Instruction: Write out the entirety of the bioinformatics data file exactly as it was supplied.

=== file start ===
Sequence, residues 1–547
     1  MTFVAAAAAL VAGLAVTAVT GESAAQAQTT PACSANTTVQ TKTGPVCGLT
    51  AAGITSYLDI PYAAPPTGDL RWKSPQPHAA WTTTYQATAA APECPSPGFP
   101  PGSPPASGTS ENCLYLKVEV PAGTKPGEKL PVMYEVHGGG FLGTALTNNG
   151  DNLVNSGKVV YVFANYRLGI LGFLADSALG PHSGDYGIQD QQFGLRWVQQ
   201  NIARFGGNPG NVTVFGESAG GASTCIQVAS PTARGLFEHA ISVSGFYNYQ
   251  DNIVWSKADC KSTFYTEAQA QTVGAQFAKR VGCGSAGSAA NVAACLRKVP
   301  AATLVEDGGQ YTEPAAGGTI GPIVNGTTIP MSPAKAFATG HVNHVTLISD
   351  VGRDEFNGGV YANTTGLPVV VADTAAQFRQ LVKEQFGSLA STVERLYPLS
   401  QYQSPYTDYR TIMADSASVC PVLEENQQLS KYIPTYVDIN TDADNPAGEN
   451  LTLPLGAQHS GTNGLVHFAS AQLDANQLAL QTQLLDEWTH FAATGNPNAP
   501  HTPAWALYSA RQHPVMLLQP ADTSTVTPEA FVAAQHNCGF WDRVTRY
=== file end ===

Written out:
Sequence, residues 1–547
     1  MTFVAAAAAL VAGLAVTAVT GESAAQAQTT PACSANTTVQ TKTGPVCGLT
    51  AAGITSYLDI PYAAPPTGDL RWKSPQPHAA WTTTYQATAA APECPSPGFP
   101  PGSPPASGTS ENCLYLKVEV PAGTKPGEKL PVMYEVHGGG FLGTALTNNG
   151  DNLVNSGKVV YVFANYRLGI LGFLADSALG PHSGDYGIQD QQFGLRWVQQ
   201  NIARFGGNPG NVTVFGESAG GASTCIQVAS PTARGLFEHA ISVSGFYNYQ
   251  DNIVWSKADC KSTFYTEAQA QTVGAQFAKR VGCGSAGSAA NVAACLRKVP
   301  AATLVEDGGQ YTEPAAGGTI GPIVNGTTIP MSPAKAFATG HVNHVTLISD
   351  VGRDEFNGGV YANTTGLPVV VADTAAQFRQ LVKEQFGSLA STVERLYPLS
   401  QYQSPYTDYR TIMADSASVC PVLEENQQLS KYIPTYVDIN TDADNPAGEN
   451  LTLPLGAQHS GTNGLVHFAS AQLDANQLAL QTQLLDEWTH FAATGNPNAP
   501  HTPAWALYSA RQHPVMLLQP ADTSTVTPEA FVAAQHNCGF WDRVTRY